You’re a war hero, a flying ace in World War One, with a record number of enemy kills…
You’re a literary genius of the Jazz Age, alongside the likes of F. Scott Fitzgerald and Thomas Wolfe…
You inherit several rundown cotton mills in the South Carolina Piedmont in 1931, which you incorporate and nurse back to health during the Great Depression… and to prosperity during the Second World War…
What do you do for an encore?
Colonel Elliot White Springs was just getting started. In the vibrant post-war economy, Springs Mills would manufacture finished goods—primarily sheets and pillow cases—and sell them from its New York office. He just needed a way to draw national attention to his product. The Colonel found it… in spades. The advertising campaign he dreamed up resonated with the popular culture and is still the textbook example for how to establish a successful brand. Sales for “Springmaid” sheets blossomed and continued to increase every year until the year of Col. Springs’ death.
In these historic magazine advertisements, Springs used sex to grab the reader’s attention and wrote clever copy in which he ridiculed the staid advertising traditions of his day. At first he purchased artwork that had already appeared in print and adapted it to his purposes; later, he commissioned popular artists of the day to create images based on his vivid imagination and comic wit.
Not everyone liked the Springmaid ads. Letters poured in by the thousands saying they were a “threat to the sanctity of womanhood,” “crude, vulgar, and obscene,” doing “more harm than good.” But other viewers of the ads, among them many women, looked forward eagerly to their next issue of Collier’s, Esquire, Cosmopolitan, etc. to check out the latest offering from the Colonel.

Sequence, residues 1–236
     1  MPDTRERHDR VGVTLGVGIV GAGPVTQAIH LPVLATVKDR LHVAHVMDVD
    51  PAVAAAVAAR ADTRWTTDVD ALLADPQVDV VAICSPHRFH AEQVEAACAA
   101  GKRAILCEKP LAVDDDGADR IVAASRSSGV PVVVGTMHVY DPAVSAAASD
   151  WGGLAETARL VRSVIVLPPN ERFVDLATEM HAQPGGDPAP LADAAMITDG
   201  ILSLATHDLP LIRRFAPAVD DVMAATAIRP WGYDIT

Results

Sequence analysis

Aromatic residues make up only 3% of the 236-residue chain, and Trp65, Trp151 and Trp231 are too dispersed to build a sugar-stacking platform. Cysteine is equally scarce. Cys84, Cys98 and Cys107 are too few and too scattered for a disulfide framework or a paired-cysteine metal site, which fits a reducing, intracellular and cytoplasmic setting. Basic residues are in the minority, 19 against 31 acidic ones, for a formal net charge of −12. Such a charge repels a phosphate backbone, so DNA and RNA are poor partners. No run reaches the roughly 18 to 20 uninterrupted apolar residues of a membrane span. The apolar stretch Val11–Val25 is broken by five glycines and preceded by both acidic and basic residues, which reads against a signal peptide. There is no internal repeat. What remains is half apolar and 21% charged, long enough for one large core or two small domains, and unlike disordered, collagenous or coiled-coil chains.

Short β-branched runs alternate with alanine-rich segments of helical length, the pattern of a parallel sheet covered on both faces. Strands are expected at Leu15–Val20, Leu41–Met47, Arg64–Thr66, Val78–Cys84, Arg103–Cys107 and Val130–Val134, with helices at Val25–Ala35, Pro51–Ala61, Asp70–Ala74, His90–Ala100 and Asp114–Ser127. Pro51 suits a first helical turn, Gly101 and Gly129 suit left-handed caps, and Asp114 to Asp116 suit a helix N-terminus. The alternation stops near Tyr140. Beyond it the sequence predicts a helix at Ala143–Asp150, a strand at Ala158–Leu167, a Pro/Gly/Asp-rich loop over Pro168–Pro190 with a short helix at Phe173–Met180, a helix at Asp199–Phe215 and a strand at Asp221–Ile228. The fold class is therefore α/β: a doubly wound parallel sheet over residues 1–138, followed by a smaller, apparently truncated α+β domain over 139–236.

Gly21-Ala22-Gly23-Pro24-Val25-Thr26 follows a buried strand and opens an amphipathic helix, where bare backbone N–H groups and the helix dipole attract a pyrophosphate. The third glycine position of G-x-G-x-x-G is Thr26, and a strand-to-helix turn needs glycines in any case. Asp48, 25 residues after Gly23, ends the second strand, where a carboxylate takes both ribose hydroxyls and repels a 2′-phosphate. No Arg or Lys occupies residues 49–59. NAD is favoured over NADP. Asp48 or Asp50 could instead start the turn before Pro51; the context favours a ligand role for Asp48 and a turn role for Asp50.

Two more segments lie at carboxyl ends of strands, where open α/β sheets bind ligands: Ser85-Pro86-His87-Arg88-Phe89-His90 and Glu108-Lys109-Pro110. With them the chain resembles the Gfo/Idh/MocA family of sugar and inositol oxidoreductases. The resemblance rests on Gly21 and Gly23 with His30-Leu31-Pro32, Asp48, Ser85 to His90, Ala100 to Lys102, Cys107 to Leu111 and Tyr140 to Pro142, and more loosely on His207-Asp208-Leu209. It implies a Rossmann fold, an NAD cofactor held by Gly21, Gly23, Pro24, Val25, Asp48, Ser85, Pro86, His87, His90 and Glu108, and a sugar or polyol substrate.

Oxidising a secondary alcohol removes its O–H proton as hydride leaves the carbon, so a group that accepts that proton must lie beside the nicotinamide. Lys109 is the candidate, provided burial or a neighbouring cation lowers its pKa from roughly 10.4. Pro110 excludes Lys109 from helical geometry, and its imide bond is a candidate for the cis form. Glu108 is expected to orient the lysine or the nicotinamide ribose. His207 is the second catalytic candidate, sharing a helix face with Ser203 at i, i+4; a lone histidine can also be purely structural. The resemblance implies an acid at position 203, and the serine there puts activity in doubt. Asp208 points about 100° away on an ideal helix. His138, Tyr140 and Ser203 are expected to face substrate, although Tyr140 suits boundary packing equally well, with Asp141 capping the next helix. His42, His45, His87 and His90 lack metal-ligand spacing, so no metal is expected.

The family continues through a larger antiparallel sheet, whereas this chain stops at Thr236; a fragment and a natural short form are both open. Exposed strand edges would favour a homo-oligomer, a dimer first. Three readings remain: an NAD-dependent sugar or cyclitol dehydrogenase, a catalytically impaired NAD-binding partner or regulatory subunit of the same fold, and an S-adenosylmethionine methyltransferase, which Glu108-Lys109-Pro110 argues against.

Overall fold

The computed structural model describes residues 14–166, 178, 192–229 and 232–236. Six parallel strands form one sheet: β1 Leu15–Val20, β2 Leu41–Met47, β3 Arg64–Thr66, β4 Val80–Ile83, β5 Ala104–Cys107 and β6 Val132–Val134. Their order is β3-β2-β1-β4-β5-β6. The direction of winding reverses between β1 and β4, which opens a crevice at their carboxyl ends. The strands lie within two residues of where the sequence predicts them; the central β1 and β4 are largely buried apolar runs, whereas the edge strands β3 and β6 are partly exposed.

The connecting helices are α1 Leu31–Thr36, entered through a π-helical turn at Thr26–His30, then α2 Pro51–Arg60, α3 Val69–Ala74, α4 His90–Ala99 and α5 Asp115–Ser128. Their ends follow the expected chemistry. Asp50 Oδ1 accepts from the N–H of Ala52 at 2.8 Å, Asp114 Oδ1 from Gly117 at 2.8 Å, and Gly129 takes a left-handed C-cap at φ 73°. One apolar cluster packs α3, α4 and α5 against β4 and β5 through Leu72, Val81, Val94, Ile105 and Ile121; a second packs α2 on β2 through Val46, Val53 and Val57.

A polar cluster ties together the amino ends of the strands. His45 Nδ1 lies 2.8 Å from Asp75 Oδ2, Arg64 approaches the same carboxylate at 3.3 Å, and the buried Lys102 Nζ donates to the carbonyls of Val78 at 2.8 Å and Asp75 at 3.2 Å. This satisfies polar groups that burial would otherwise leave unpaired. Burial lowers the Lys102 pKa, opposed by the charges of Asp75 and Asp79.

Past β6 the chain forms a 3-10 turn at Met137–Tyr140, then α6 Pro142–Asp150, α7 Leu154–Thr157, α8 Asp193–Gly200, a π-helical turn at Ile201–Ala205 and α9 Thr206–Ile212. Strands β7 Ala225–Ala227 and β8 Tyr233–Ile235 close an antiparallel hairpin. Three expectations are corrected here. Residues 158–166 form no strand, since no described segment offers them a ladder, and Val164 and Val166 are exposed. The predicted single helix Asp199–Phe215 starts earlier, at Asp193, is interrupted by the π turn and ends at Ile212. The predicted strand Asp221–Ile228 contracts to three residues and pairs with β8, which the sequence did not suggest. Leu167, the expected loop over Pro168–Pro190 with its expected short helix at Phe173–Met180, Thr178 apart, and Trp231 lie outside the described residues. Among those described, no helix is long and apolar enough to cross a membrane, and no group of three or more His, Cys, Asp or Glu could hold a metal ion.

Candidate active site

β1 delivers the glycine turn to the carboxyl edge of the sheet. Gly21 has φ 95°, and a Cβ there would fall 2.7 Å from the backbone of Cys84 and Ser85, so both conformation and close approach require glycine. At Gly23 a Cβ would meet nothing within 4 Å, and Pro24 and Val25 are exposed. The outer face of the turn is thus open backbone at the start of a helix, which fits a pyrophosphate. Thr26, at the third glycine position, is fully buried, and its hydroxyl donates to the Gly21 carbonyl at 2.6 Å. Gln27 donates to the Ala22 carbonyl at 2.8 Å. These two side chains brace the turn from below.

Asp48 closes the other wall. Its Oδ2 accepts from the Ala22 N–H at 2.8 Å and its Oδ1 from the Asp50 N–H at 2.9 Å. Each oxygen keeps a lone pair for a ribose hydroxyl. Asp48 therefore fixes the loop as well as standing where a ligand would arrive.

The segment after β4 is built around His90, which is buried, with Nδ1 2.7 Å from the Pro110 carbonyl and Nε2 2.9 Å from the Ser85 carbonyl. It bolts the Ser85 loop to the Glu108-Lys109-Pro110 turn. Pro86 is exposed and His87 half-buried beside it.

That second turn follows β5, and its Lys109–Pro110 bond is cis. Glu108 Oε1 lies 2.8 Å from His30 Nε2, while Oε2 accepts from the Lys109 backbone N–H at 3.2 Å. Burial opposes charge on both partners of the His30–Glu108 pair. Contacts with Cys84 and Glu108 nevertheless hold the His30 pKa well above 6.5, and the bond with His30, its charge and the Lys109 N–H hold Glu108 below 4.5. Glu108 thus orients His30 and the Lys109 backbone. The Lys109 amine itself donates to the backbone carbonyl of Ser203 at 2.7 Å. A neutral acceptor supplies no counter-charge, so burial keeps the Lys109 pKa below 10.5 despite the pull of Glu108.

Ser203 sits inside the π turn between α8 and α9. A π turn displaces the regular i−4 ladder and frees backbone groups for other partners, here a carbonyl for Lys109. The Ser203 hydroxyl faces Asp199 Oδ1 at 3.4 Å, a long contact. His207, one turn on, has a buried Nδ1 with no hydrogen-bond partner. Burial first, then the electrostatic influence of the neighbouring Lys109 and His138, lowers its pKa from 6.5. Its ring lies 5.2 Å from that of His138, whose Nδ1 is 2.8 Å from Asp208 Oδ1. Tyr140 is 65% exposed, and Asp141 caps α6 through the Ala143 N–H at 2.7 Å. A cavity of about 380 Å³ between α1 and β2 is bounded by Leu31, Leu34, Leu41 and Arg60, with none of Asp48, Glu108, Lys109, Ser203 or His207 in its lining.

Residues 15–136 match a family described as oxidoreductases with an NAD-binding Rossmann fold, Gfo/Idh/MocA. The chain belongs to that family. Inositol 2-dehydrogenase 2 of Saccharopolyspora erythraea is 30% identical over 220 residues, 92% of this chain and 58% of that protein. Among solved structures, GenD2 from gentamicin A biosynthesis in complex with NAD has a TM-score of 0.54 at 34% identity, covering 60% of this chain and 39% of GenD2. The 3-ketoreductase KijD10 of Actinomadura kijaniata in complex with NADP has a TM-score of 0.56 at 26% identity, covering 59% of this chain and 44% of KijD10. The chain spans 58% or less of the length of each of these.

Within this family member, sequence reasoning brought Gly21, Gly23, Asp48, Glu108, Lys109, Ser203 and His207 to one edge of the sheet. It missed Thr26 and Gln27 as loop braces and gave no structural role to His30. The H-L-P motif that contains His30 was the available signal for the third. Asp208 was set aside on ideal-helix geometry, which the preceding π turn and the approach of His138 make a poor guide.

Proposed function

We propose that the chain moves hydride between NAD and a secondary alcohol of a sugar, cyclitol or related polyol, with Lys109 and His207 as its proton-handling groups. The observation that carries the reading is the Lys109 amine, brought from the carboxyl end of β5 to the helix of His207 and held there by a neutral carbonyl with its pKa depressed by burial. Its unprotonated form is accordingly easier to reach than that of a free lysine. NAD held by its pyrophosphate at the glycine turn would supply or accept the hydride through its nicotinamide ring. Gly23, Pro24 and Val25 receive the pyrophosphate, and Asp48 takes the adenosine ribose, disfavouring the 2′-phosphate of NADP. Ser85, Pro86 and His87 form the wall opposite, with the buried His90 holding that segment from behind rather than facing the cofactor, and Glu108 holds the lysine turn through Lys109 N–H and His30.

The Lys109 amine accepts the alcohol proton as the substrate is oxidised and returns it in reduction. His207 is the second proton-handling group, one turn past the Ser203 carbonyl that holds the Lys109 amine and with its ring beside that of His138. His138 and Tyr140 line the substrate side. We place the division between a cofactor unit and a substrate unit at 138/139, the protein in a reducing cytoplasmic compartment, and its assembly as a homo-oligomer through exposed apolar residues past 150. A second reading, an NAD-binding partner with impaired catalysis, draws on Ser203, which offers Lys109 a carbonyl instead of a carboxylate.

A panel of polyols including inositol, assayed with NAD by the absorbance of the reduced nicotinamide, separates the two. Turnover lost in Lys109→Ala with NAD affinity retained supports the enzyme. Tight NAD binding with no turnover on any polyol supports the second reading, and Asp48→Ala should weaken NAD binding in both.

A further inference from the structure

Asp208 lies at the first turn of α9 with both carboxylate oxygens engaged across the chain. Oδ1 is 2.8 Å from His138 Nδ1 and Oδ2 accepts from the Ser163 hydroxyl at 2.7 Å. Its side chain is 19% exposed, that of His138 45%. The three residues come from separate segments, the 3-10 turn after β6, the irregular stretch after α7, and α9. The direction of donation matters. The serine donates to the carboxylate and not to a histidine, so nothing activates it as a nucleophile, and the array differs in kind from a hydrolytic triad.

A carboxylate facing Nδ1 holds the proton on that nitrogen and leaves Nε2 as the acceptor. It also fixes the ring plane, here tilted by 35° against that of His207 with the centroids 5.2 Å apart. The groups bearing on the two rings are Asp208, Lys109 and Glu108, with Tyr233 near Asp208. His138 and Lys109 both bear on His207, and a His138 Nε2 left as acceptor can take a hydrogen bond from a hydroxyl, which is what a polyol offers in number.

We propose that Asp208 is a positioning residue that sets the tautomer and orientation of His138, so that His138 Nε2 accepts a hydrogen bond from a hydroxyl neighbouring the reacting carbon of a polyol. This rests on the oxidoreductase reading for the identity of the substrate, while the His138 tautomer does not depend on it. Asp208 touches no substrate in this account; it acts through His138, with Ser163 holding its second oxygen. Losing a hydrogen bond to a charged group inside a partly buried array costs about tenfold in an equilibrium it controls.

Some magazines refused to run the Springmaid advertisements. And the Colonel was considered a pariah on Madison Avenue. But Springs delighted in all the controversy, because in the final analysis, everyone was talking about his product!
There’s really no way to know what effect the ads had on the business. Profits may have gone up anyway, because of the efficiency of the mills and the economic boom. Some think that Col. Springs may have been just amusing himself with the campaign, and he secretly thought advertising had very little effect on the market.
But look where advertising has progressed since then—from Noxzema to Maidenform to English Leather to “Virginia is for Lovers”… The majority view seems to be that sex can sell anything!
And it all came from the mind of a South Carolina native, Elliott White Springs… and the vision he dreamed up, “Miss Springmaid.” Take a look, and see what you think!
Produced, directed, written and edited by Steve Folks. Narrated by Rick Sebak.